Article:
So the misogyny line from Arlene this morning. I don’t want to spend too much time on it, because I’m with Jim Allister that it is just the latest in a line of distractions.
It will take more than a self-serving Telegraph interview to clear Arlene Foster of RHI culpability https://t.co/sAOEys975N
— Jim Allister (@JimAllister) January 4, 2017
But you only have to search twitter with the FM’s name and the sort of gross language most women politicians have to put up with on a daily basis is there in full technicolour.
None of it though is from anyone who matters. And so, on Nolan this morning, the SDLP put Nicola Mallon on first thing demonstrating that the criticism has nothing to do with misogyny:
Not great PR from the DUP. As for where the substance of the story is going, try Simon Hamilton’s intriguing comments this morning (buried away from headlines):
…working on our preferred option for cost control, that is an option that will come at no cost to the Northern Ireland budget and will keep the scheme running as originally intended”.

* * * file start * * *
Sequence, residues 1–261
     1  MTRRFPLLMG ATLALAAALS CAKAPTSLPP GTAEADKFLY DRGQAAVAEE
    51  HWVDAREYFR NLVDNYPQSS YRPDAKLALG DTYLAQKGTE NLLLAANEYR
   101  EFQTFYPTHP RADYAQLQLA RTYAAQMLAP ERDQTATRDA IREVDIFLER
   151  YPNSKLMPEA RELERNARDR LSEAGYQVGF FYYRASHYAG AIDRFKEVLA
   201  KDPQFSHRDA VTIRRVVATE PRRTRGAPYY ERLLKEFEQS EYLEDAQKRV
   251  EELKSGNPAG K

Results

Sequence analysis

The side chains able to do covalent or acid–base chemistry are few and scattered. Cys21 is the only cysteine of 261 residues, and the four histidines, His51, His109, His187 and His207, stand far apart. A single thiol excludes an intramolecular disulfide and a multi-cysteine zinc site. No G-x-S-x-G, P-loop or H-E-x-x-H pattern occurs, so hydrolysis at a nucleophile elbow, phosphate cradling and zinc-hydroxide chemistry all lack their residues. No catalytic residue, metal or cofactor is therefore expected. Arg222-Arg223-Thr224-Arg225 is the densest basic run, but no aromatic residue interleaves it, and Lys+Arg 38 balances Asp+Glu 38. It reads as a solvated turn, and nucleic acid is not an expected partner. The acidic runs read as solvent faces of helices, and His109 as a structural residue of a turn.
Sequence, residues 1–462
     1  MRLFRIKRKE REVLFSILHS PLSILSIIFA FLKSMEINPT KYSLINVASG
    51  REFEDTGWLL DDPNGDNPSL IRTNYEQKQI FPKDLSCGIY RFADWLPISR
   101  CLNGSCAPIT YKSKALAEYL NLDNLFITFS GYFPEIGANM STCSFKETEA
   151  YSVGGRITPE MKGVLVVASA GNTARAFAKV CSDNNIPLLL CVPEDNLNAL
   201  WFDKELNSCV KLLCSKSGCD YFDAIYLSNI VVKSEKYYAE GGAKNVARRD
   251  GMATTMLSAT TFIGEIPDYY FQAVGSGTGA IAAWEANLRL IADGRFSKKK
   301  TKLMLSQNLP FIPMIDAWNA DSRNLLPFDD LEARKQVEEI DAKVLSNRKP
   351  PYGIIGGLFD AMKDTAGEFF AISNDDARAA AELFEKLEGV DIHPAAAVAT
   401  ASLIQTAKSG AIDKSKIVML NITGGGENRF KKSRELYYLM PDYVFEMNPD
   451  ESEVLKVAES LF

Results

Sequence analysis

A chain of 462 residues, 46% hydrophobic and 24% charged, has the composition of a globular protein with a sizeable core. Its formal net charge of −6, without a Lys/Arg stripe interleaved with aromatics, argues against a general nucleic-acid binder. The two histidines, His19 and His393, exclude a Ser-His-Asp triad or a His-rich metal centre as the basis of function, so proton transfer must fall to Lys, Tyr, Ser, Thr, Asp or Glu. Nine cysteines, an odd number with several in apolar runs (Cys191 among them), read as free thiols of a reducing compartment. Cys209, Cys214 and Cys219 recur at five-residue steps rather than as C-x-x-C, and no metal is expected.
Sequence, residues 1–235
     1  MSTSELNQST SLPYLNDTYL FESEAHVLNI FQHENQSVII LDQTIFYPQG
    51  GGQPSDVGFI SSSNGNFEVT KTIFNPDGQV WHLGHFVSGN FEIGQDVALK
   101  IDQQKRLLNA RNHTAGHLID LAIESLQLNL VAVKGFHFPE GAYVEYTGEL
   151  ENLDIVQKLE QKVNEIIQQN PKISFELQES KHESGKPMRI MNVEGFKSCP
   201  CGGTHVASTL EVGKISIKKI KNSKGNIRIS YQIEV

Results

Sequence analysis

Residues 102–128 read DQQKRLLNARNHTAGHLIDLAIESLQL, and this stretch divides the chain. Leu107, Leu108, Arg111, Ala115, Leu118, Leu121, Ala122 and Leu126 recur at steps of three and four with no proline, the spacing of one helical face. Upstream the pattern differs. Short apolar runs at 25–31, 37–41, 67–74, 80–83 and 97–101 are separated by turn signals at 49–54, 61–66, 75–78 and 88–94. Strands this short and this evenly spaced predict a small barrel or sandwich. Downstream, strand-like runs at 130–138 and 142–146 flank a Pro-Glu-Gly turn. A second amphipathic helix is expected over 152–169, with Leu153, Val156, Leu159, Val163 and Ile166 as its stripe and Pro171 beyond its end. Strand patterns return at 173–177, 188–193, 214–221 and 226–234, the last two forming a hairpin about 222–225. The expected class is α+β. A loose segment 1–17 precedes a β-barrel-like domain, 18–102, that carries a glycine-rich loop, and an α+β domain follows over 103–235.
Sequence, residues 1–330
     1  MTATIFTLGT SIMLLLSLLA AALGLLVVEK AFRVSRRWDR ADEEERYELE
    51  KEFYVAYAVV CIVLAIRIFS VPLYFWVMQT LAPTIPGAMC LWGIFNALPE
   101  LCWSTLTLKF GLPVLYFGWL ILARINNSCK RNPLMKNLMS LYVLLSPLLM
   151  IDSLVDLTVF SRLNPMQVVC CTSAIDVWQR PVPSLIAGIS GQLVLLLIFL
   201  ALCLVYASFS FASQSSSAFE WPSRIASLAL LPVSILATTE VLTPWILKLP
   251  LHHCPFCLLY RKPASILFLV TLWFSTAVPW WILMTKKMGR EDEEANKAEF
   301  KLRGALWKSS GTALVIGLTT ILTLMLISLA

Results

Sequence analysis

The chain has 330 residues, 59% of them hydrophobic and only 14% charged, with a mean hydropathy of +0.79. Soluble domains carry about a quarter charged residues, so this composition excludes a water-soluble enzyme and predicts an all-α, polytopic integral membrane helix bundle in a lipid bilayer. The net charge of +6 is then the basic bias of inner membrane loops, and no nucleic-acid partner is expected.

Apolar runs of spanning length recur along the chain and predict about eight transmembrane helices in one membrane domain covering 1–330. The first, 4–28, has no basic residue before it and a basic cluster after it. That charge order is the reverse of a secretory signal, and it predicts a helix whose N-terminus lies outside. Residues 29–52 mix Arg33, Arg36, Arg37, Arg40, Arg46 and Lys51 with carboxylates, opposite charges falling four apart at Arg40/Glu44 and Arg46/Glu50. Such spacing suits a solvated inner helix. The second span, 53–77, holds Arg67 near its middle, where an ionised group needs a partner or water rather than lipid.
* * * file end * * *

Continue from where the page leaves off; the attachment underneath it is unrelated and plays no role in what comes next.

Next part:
We need to take some further legal advice around that, but that’s the plan that we’re working on, a plan that will reduce that liability to effectively zero.
No details, he said. Any attempt to change the original terms of the scheme will likely attract legal challenges, but he has promised he will share once it’s finalised.
That would be some turnaround. Not least when his SF colleague at Finance (being his usual helpful self) has already inflated the final figure to £600 million.
Promises are one thing, so we await to see the actual detail before commenting further. But if he is able to track the figure down to 0, Mrs Foster owes him a favour or two.
And if he does, the chances of the First Minister stepping aside are zero, and falling rapidly. In which case, someone will lose face. And it won’t be the opposition.
— Sam McBride (@SJAMcBride) January 4, 2017
As one Slugger colleague put it, this is what happens when your chief tacticians are living in a bunker about 5 miles away from the heat of the political front line.
Mick is founding editor of Slugger. He has written papers on the impacts of the Internet on politics and the wider media and is a regular guest and speaking events across Ireland, the UK and Europe. Twitter: @MickFealty